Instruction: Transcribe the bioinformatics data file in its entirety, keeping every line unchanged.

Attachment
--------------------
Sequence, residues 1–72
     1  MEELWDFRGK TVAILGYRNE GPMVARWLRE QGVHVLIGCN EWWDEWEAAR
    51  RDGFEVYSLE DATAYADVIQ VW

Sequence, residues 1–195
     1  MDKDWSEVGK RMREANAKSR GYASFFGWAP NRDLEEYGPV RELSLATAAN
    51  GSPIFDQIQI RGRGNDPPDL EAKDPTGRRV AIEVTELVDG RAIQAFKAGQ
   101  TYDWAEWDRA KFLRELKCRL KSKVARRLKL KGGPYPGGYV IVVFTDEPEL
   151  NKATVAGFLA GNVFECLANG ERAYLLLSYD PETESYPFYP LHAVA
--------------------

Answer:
Sequence, residues 1–72
     1  MEELWDFRGK TVAILGYRNE GPMVARWLRE QGVHVLIGCN EWWDEWEAAR
    51  RDGFEVYSLE DATAYADVIQ VW

Sequence, residues 1–195
     1  MDKDWSEVGK RMREANAKSR GYASFFGWAP NRDLEEYGPV RELSLATAAN
    51  GSPIFDQIQI RGRGNDPPDL EAKDPTGRRV AIEVTELVDG RAIQAFKAGQ
   101  TYDWAEWDRA KFLRELKCRL KSKVARRLKL KGGPYPGGYV IVVFTDEPEL
   151  NKATVAGFLA GNVFECLANG ERAYLLLSYD PETESYPFYP LHAVA